How can we be sure? We need YOU personally to strap on body armour and get out there. Come on, you frit or what? Man up and do something other than making an embarrassment of yourself with a keyboard.
  • HYUFDHYUFD Posts: 88,969
    DougSeal said:

    FPT

    MacArthur got a lot of criticism when he decided to retain a war criminal, Hirohito, as head of state but in retrospect keeping him and working with the remains of the Japanese central government helped the success of the American occupation of Japan, however hurtful it was to those who had suffered under Japanese militarism in the past.

    The abolition of the Iraqi Army in 2003, instead of making use of it, and the complete failure to find any sort of locally acceptable leadership in Afghanistan were what doomed those operations. Back in 2003 I was quite active on the Slate message board. One particularly enthusiastic poster, when faced with the question of what happened after the fall of Baghdad, said “we go in armed with copies of the Federalist Papers and everything else follows”. It was that kind of naivety that doomed military action in both cases. A lack proper, albeit perhaps even more expensive, occupation and rebuilding was what doomed them.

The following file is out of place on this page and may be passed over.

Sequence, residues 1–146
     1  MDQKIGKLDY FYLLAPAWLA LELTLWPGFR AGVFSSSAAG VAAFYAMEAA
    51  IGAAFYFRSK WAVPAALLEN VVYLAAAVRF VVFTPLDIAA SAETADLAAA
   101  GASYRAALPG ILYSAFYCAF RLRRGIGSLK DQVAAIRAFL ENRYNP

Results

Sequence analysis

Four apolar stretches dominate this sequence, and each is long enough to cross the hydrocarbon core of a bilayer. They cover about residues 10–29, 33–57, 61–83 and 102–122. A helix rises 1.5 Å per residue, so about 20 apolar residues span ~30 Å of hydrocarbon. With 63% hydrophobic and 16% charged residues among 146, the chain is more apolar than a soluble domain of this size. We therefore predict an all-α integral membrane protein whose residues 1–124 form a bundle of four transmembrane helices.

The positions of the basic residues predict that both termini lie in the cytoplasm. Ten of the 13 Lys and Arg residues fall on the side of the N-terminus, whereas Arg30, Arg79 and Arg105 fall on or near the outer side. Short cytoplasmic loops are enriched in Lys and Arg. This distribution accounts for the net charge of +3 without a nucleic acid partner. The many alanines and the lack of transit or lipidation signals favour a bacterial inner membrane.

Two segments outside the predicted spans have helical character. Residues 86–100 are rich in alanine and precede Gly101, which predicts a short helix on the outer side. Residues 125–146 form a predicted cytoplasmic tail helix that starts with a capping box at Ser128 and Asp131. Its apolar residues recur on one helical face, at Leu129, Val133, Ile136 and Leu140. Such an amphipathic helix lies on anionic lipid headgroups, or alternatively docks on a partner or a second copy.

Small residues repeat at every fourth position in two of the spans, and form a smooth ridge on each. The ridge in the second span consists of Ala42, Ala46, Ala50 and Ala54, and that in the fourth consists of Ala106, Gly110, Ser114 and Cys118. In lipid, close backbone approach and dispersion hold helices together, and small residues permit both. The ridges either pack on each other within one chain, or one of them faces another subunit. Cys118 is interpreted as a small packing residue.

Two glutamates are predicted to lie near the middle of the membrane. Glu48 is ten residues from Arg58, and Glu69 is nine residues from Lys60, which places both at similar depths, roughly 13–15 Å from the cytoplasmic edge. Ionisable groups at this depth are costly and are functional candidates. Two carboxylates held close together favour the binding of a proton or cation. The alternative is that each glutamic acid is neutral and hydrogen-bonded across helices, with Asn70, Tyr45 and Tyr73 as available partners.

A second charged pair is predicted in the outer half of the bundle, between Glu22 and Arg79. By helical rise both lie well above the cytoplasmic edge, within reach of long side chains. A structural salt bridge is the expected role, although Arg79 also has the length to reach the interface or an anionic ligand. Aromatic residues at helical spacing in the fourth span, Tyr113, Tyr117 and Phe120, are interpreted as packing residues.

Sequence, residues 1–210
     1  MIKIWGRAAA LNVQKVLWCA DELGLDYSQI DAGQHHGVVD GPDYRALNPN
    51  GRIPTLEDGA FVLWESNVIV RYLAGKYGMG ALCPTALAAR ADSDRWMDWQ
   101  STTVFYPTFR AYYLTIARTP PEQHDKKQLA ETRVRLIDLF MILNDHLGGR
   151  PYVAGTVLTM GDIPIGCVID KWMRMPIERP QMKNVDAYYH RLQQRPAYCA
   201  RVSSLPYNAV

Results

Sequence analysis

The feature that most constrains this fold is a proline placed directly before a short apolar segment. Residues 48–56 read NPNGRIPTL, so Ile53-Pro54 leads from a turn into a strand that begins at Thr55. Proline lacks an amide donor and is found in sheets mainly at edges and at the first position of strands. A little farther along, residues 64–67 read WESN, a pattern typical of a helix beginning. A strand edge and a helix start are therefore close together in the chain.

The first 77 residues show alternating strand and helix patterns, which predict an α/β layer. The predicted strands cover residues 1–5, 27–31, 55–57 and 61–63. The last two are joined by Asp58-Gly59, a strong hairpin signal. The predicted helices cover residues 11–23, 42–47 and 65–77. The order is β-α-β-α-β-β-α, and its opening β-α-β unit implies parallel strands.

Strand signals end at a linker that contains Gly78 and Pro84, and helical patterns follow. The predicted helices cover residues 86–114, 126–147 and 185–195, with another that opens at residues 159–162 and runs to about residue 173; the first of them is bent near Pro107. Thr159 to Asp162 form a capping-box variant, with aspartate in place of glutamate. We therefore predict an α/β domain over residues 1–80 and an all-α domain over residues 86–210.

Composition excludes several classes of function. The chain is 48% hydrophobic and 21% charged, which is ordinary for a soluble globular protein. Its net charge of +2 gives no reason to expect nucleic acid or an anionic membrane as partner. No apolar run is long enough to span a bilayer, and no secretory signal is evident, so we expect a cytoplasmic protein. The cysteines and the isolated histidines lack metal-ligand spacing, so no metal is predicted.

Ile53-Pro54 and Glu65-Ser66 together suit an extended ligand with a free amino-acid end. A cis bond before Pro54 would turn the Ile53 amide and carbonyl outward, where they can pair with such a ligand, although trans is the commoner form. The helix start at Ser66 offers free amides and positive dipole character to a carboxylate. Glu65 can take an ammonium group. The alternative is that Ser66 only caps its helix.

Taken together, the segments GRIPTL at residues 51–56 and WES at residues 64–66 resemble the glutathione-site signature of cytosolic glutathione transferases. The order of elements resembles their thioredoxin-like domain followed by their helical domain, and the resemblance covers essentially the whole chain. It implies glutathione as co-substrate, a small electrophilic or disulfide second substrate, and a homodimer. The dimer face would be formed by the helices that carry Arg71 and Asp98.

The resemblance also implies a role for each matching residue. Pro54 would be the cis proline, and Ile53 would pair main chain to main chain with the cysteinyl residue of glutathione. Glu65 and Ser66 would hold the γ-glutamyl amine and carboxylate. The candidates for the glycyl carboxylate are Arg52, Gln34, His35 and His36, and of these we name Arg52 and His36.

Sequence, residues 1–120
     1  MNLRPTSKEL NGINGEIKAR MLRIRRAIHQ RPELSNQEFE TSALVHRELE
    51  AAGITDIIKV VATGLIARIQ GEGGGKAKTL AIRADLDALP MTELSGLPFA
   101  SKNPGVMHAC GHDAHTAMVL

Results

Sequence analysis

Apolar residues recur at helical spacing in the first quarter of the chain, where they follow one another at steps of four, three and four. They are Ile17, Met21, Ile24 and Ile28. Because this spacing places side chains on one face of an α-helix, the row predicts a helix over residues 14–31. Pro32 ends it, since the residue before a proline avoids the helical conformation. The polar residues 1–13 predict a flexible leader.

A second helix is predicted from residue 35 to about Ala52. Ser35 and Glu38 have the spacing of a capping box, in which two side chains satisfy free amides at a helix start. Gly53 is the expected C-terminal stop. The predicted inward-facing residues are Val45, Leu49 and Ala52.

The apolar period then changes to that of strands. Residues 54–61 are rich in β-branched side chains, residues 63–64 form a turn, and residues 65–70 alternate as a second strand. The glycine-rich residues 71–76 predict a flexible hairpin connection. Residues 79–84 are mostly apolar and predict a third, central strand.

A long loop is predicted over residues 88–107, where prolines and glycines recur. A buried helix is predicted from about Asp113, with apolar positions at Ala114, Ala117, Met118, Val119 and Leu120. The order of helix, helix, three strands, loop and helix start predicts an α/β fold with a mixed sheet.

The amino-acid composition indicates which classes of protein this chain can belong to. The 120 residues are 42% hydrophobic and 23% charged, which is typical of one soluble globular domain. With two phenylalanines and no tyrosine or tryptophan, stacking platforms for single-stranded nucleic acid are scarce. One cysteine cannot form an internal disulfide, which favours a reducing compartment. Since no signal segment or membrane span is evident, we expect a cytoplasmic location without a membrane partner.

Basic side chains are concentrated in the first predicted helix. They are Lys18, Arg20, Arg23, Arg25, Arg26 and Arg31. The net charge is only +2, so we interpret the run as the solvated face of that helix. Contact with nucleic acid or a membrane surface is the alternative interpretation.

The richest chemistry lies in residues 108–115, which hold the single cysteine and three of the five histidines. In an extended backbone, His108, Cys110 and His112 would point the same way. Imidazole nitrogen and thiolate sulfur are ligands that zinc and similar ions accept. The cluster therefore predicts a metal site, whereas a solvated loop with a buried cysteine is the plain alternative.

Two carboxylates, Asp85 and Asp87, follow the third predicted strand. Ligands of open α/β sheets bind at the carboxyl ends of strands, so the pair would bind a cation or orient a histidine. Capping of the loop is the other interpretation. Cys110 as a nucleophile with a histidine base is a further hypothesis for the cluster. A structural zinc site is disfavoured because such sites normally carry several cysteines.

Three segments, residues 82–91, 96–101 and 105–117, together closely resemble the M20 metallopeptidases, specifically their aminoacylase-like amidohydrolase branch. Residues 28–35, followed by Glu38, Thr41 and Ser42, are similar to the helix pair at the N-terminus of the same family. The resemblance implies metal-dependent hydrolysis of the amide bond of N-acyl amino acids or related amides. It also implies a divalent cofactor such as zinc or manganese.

Iraq is now a democratic government, Saddam is no more however.

  • another_richardanother_richard Posts: 21,576

    Of course refugees are going to increase from Afghanistan Priti and we should take as many as possible. I do not see how we can refuse to do so when this is literally what the point of the refugee convention is!

    How many is 'as many as possible' ?

    10k, 100k, a million, more ?

    And how are you going to integrate this multitude from an Islamic fundamentalist failed state into this country ?
  • WhisperingOracleWhisperingOracle Posts: 4,594
    edited August 16
    An excellent thread header. The status of the middle and far east in the 1960's also deserves much more attention in general.

    A slightly more positive sign today is that the Taliban seem quite keen to get international recognition from states like China, Pakistan, and Turkey. There is some streak of pragmatism going on so far that doesn't seem to have been there before. This may be the key reason why they are leaving the foreigners, and others, alone, thus far, and have allowed them to leave peacefully so far.